New CSU Resource Targets Emerald Ash Borer

Colorado is preparing to battle a tiny insect that’s destined to change the way our urban forest looks. The Emerald Ash Borer (EAB) is already in Boulder County, and it’s only a matter of time before this destructive pest is found in nearby counties.

Every single ash tree that lines the streets of our neighborhoods is at risk. The EAB loves these trees that make up about 15 percent or more of all city trees.

The newest weapon in the fight is a mobile app. Colorado State University Extension and the Colorado Forest Service joined together to create a free app to help with early detection of the EAB menace.

The app is easy to download to Apple and Android-based mobile devices. Just search for “EAB/Ash Tree ID.”

The app walks users step-by-step through tree identification to determine if the tree is an ash and susceptible to the EAB. If it’s an ash, there are more resources for EAB symptoms, management and links to much more information.

It’s important for tree owners to be aware that ash trees are already at risk so they can be prepared. It’s better to consider management and treatment options sooner rather than later.

The EAB/Ash Tree ID app is the latest tool in the Colorado campaign to raise awareness about the insect pest that has already killed tens of millions of ash trees across the states.

The Be a Smart Ash program, sponsored by the City of Denver, started its communications campaign last year. The Colorado Department of Agriculture is also actively involved in fighting the EAB.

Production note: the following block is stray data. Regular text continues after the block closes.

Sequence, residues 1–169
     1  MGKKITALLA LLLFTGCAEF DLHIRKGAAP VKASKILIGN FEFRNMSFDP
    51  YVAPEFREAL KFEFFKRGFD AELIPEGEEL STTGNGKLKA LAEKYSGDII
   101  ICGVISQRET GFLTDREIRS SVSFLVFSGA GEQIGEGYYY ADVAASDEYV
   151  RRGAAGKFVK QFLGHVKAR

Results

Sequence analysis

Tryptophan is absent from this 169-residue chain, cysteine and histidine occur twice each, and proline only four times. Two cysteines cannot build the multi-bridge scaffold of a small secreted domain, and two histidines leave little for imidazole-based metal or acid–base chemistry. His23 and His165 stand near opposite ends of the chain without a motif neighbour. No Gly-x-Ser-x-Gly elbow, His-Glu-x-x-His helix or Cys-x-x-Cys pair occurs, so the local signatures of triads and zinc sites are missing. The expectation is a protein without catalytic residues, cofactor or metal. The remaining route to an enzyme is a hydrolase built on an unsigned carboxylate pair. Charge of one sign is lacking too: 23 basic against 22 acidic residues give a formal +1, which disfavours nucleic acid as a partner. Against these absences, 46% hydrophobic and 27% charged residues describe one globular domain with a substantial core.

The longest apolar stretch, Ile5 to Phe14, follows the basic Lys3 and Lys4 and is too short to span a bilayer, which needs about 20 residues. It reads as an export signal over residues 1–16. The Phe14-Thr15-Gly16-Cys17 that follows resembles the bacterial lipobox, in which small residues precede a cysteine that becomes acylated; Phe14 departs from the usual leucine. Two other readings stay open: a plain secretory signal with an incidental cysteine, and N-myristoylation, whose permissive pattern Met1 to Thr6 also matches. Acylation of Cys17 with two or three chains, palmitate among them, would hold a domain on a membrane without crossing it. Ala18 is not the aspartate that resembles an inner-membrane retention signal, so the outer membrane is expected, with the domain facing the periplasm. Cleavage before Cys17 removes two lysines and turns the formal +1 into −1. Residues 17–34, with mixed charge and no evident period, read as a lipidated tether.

Laura Pottorff with the Colorado Department of Agriculture, leads an excellent one-hour webinar called “EAB: Myth or Monster” for Colorado Master Gardeners. The webinar (taped in May) is available through the CMG online continuing education program and will give master gardeners the information they need to provide research-based information to their communities.

All these resources will help tree lovers start thinking about their options for managing the ash trees in their landscapes. Approaches include replacing ash trees now, planting new trees to take the place of an ash tree in the future, and researching the insecticides to treat trees when the time comes.

By Jodi Torpey
A Colorado Master Gardener

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